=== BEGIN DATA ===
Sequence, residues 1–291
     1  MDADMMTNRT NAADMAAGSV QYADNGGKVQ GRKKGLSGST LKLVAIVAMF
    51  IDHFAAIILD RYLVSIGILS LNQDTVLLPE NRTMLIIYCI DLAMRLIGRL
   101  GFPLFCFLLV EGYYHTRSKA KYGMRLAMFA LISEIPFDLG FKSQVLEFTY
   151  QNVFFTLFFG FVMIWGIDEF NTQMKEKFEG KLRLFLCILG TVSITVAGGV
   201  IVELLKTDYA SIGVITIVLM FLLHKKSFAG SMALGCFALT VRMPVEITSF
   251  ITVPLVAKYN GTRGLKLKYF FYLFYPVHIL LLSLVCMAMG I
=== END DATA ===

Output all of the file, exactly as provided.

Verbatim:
Sequence, residues 1–291
     1  MDADMMTNRT NAADMAAGSV QYADNGGKVQ GRKKGLSGST LKLVAIVAMF
    51  IDHFAAIILD RYLVSIGILS LNQDTVLLPE NRTMLIIYCI DLAMRLIGRL
   101  GFPLFCFLLV EGYYHTRSKA KYGMRLAMFA LISEIPFDLG FKSQVLEFTY
   151  QNVFFTLFFG FVMIWGIDEF NTQMKEKFEG KLRLFLCILG TVSITVAGGV
   201  IVELLKTDYA SIGVITIVLM FLLHKKSFAG SMALGCFALT VRMPVEITSF
   251  ITVPLVAKYN GTRGLKLKYF FYLFYPVHIL LLSLVCMAMG I